I don’t remember believing in Santa Claus — but according to my mother, I did. I do remember my younger sisters believing, and playing along with the Santa game. It was fun, and it made Christmas a more special, magical time. When Richard and Russell were little, and they believed in St. Nick, it was a time of great, innocent joy.
So why does Greenpeace need to produce a video of Santa warning children that Christmas might not come because global warming is endangering the North Pole. I know this is just political claptrap, prepared to attract attention and, presumably, donations, but it really crosses a line. Santa shouldn’t be political. Regardless of your position on whether human activities have produced global warming, can’t we leave little children and their beautiful fantasies about life and magical people like Santa Clause alone?
I’ve worked in Columbus since 1986. This morning was the worst commute I’ve ever had here. I’m not exaggerating. It took me two hours to complete a drive that normally takes about 25 minutes, and I’m not quite sure where and how the breakdown occurred.
Sure, it started snowing about 4 a.m. — but the snow was forecast long ago, and you’d think the authorities would have been prepared with salt and snowplow. Instead, when I hit 161 at 6:45 a.m., which is about 15 minutes earlier than normal, the roads were completely snow covered, there were several icy patches, and the traffic was inching along at the breakneck clip of about two miles an hour — with frequent stops mixed in.
The worst thing about such a commute is that there is no way to make a right decision. My theory is that lane movement is pretty consistent from lane to lane and therefore frequent lane changes don’t provide an advantage until you reach a point where normal traffic flow would warrant a shift. In snow, however, many people drive like idiots, and when rush hour is a disaster they become even more reckless. This morning school buses and tractor trailers were trying to use merge lanes to pass long lines of cars on the right and then jam back into the flow. Obviously, that didn’t help.
This isn’t New York City or another metropolis where two hour commutes are standard. People come to Columbus to get away from this kind of frustrating, infuriating, nerve-jangling disaster. Today reminded me precisely why we made that decision. When I finally got to my parking space, the new-fallen snow looked very pretty on the trees lining Gay Street, and I calmed down and enjoyed the pretty sight. I just hope I never have a commute like that again.
I’ve never made a cookie with any kind of meat before. In view of the fact that I pretty much eat only meat, perhaps it’s time to branch out and break through the meat barrier in my holiday baking. This year, I’m going to give this recipe a try — although I’m not sure whether my local grocery store stocks mincemeat made with real meat.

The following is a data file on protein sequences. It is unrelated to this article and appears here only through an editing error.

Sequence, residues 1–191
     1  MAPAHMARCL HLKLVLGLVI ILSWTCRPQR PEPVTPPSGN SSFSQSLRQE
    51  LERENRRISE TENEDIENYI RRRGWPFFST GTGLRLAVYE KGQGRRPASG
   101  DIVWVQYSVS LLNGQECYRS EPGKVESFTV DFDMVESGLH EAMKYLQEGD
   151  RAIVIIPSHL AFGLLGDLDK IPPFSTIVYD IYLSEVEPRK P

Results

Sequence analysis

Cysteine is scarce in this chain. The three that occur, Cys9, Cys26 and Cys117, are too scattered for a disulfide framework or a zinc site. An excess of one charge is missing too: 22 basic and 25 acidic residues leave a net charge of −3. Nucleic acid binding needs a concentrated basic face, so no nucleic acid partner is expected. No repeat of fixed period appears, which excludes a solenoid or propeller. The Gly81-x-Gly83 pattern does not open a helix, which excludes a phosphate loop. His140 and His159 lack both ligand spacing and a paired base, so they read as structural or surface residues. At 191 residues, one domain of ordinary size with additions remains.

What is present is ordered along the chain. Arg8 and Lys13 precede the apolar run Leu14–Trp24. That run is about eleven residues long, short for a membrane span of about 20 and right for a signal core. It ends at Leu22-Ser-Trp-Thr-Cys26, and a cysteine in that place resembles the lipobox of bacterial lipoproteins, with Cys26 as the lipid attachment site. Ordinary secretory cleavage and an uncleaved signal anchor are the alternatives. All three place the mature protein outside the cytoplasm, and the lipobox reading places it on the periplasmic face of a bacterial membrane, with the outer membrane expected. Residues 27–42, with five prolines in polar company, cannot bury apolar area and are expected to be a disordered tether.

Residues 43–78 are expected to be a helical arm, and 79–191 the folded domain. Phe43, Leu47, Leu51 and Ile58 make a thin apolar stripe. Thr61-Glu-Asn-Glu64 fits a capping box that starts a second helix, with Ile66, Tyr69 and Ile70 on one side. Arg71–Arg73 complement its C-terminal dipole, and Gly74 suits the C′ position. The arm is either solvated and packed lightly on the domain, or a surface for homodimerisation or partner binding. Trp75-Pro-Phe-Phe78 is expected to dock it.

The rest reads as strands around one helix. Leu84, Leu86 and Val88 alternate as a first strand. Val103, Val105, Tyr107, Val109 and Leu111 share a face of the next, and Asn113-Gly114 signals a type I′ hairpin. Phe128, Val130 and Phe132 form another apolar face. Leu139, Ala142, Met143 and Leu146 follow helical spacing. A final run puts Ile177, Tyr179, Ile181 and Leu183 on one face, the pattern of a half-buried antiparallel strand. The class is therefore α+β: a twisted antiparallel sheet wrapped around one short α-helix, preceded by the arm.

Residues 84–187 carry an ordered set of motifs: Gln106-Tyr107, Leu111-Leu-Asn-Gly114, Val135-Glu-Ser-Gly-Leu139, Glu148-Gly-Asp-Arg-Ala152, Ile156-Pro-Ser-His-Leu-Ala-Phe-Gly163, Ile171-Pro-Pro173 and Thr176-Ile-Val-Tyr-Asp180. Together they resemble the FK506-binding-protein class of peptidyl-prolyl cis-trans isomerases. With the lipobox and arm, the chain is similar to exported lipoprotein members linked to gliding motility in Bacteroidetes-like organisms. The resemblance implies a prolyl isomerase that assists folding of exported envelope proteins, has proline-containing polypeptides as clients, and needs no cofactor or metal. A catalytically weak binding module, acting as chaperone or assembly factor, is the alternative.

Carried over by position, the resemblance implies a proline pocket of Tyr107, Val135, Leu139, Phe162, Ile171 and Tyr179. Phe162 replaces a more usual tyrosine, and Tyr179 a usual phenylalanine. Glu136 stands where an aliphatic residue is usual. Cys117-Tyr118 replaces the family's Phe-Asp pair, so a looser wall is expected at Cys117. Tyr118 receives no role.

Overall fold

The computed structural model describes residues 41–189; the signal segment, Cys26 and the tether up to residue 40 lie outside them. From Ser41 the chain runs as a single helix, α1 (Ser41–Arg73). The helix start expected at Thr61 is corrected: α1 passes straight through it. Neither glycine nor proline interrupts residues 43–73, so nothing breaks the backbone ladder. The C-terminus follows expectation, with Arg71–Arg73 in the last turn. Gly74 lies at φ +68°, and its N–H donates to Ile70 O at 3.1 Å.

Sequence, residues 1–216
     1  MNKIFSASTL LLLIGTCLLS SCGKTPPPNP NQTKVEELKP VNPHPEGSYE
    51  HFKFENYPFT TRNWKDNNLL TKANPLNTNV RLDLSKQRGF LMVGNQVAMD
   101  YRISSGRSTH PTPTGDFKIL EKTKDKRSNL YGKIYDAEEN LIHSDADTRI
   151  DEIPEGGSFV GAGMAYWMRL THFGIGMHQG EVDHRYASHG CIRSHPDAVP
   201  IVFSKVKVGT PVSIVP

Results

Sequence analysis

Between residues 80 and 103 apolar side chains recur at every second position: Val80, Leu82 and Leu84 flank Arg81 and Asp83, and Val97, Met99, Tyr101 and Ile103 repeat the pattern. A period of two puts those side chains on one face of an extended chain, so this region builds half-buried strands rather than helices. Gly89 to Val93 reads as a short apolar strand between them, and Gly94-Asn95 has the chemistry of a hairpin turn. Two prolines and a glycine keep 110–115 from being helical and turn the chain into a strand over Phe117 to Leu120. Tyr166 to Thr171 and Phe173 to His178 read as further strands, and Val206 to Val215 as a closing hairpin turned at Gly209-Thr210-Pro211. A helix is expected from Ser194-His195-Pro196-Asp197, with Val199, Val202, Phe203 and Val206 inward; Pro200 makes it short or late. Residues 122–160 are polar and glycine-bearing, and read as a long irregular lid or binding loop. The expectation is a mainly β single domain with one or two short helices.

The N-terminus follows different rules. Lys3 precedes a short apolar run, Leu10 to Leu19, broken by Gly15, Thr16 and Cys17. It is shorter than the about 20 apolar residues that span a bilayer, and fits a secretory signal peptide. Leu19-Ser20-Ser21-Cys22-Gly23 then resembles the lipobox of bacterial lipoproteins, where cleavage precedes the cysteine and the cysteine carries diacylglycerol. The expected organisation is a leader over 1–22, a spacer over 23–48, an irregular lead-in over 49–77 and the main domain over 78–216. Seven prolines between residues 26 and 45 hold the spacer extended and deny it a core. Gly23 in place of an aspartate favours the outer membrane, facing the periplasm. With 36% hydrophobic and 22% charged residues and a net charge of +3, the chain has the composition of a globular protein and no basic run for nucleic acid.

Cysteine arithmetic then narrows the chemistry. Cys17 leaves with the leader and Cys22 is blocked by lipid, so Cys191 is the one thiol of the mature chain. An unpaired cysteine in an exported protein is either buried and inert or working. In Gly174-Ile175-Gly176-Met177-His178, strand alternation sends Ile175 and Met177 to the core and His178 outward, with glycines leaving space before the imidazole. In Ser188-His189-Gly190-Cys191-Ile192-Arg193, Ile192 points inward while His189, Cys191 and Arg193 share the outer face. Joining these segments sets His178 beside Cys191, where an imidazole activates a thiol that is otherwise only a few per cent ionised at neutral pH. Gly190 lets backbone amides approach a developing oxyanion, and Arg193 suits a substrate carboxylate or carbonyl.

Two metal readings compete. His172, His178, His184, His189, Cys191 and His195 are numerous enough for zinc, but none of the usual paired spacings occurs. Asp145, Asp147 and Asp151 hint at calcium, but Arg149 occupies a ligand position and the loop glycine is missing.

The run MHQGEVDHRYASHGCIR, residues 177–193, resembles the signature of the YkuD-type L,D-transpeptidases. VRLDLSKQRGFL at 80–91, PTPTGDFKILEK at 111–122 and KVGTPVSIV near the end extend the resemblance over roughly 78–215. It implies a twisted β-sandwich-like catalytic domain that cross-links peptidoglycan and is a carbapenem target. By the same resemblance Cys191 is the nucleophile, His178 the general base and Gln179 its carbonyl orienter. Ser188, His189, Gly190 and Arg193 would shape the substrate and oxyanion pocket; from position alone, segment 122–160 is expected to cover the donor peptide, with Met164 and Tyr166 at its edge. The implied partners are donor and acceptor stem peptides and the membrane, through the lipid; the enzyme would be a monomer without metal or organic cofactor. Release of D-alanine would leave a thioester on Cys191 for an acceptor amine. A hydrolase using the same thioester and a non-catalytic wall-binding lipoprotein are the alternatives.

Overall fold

Ingredients: 1 cup sifted flour, 1 teaspoon baking powder, 1 teaspoon salt, 1 teaspoon cinnamon, 1/4 teaspoon baking soda, 1/2 cup soft shortening, 1 cup sugar, 1 tablespoon light molasses, 1 egg, 1/2 cup mincemeat, 1 teaspoon vanilla, 1 cup rolled oats, 1 cup chopped walnuts
Preheat oven to 350 degrees. Sift flour, baking power, salt, cinnamon, and baking soda together and keep in a bowl. In a separate bowl, mix shortening, sugar, molasses, and egg until mixture is fluffy. Mix in mincemeat, then stir in dry mixture, vanilla, oats, and nuts until well combined. Drop dough by tablespoonfuls onto greased baking sheets, then bake for 10 minutes.
Calling for Christmas Cookie Recipes — 2013
Calling for Christmas Cookie Recipes — 2013 (II)
Yesterday we received an unexpected gift — a large, acrylic Santa Claus cutting board. It features a fine depiction of the right jolly old elf, with fur-trimmed robe and hat, red nose, flowing white beard, and a full pack of toys for good little girls and boys.
Any gift is thoughtful and appreciated, of course, and we certainly can use a sturdy new cutting board. Still, there is something about a Santa Claus cutting board that is a bit . . . unsettling. Who would want to bring a sharp knife down on St. Nick’s plump face as they slice a lemon or scar him permanently with a well-placed stroke across the belly? Why should Kris Kringle have to endure the hacking and stabbing and chopping?
Of course, this kind of cutting board may have a strong subconscious appeal to people who’ve had enough of Christmas sales and Christmas traffic and their fiftieth exposure to Grandma Got Run Over By A Reindeer. Frankly, they’ve had it up to here with Christmas already and just need to relieve a little bit of holiday tension by bringing a meat cleaver down on St. Nick’s neck. Or perhaps it is intended for people who didn’t get the Robbie the Robot toy they asked for three years in a row, were made to feel like they were a bad boy, and secretly have always wanted to take it out on Santa by smashing a tomato in his fat, judgmental, coal-giving face. “Hey, Santa — what gives you the right to decide who’s naughty or nice?” Whack!
We’ll know if there’s something to this theory if we start to see Santa Claus-themed toilet plungers and Father Christmas targets at the local gun range.